i could talk over a shortwave set. forget it, ed. you know how much one of those things cost? oh, wilbur, what's money when you're brightening the life of a lonesome shut-in? okay, tell you what. tomorrow, i'll spend the whole day with you. eh, you mean it? yeah. we'll do anything you wanna do. swell. let's go out and buy me a shortwave set. stop sending it because i'm not receiving. see you tomorrow, fella. (ed groans) hiya, neighbor. lovely day, huh? let me show you how to start... oh, no. no, you don't. everything you touch turns to scrap metal. look, i... i'm awfully sorry i broke that remote control unit of yours yesterday. how much did it cost to fix it?
well, you have my sincere apology. will you put that in writing? sure, sure. good, i'll get a blank check. no, no. do you wanna be like that? i've got my own checkbook right here. -(exhales) -look, im... i'm very sorry about this whole thing, gordon. oh, forget it. forget it, wilbur. you didn't mean any harm. you never do. (laughs) this is too nice a day to be stuck here and mowing a lawn. tell you what, let me take you down to my club, huh. we'll play a little golf, have a little lunch. everything will be one me. well, that's very generous of you, wilbur. my pleasure. after all, you're more than a new neighbor. you're a good friend. uh, in that case, will you do me a favor? anything at all. what is it? sign this check. oh. he was going to spend the day with me. again, nobody to talk to.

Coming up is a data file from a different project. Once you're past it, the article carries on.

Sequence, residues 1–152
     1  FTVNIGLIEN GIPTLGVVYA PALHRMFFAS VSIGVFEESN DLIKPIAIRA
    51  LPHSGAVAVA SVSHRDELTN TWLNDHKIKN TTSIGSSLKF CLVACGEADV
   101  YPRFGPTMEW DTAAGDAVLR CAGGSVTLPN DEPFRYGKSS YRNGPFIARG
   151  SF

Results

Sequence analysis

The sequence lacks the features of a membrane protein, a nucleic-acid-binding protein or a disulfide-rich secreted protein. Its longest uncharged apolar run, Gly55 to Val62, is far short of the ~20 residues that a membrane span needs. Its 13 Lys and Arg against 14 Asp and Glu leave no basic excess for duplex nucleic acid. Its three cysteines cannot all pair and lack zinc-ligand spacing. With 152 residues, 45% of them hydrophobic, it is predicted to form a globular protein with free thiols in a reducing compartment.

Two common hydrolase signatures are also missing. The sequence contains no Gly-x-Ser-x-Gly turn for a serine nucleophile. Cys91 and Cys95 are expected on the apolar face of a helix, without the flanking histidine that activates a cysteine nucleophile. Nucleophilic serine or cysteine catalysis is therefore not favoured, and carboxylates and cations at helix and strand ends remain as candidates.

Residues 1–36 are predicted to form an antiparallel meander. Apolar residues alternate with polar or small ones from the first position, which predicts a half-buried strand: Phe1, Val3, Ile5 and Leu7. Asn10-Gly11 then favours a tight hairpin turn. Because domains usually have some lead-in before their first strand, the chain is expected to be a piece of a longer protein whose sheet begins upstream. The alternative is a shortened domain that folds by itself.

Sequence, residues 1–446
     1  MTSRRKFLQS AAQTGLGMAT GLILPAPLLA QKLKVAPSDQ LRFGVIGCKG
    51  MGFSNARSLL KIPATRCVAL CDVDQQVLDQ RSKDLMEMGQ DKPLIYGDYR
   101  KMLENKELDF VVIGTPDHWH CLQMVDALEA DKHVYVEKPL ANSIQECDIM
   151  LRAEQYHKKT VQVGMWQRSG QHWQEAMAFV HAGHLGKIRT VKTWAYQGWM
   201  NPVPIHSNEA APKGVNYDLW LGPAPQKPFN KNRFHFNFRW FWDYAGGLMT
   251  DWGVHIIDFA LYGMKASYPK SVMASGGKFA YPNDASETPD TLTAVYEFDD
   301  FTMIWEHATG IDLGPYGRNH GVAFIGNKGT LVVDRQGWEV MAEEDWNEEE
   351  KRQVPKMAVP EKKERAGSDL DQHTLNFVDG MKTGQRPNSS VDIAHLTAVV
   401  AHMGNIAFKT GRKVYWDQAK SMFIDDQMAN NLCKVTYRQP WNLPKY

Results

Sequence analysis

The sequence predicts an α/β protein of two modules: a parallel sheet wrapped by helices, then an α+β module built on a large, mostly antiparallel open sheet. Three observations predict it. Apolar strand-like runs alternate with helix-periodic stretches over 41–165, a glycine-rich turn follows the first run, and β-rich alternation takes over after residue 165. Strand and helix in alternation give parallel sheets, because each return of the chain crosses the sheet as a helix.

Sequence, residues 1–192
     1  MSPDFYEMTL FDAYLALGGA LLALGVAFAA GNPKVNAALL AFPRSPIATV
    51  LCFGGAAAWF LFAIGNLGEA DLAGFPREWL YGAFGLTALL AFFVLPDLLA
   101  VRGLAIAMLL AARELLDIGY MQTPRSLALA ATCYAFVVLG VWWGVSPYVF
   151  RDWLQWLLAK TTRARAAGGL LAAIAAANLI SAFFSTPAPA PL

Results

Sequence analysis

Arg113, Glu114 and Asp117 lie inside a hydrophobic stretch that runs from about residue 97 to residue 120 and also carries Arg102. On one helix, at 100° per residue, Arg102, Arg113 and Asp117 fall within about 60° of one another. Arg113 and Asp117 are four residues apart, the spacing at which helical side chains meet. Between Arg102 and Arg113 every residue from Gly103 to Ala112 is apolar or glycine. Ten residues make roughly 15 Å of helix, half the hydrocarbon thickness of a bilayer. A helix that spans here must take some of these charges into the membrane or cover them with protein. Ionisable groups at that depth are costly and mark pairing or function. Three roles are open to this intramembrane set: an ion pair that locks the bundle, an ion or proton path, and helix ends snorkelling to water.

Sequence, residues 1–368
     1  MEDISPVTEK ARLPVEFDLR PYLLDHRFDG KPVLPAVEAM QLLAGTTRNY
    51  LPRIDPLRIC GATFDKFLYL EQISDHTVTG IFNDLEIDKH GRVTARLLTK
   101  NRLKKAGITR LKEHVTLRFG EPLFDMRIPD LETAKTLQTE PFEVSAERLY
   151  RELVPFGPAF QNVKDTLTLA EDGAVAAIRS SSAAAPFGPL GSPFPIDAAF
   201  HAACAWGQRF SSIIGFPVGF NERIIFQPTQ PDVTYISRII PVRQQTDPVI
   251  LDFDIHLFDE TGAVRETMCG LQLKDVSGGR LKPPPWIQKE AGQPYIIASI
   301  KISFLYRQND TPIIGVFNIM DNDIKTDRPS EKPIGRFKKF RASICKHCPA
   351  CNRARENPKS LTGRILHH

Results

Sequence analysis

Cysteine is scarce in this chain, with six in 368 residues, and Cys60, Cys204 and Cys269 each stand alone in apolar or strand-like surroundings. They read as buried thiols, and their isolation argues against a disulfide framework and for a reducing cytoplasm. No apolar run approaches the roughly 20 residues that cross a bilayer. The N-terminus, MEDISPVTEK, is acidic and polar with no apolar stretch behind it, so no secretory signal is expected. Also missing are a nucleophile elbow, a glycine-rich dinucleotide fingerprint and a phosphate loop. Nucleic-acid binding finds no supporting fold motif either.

carol, this vase is just what i need for the mantle. oh, thank you, winnie. it does look nice, doesn't it? oh, you certainly have a beautiful house. well, after eight years in a trailer, this is heaven. it's so nice to live in a house where you don't get a ticket for speeding. (both laugh) (laughing) all right. so you won $5. next time, we're gonna raise the bet. carol, i'm sorry i'm late. that's all right, dear. did you hear that, winnie? and you were worried about the mortgage on this house. this boy's our own little social security plan. so you had a bad day, huh? well, it isn't easy to play against a man who used to be your commanding officer. try hitting a golf ball while you're saluting. oh, carol, i have a roast in the oven. why don't you and wilbur stay for dinner? oh, no, thanks, winnie. wilbur said we were eating out tonight. yeah, we are out. what time is dinner? it's practically on the table. i'll give you a hand, winnie. hey, just in time to catch the fights.